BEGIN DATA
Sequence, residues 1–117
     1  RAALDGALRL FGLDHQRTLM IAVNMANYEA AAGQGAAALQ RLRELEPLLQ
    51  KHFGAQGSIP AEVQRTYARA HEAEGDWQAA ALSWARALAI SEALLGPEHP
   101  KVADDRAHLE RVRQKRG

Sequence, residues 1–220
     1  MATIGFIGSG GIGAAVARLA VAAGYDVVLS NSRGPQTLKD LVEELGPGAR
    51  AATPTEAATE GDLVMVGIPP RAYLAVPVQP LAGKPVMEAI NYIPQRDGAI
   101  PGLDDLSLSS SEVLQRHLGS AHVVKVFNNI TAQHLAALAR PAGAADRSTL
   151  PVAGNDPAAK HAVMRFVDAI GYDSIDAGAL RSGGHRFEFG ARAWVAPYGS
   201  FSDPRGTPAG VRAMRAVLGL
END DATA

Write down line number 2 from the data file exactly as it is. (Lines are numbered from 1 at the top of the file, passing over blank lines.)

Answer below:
     1  RAALDGALRL FGLDHQRTLM IAVNMANYEA AAGQGAAALQ RLRELEPLLQ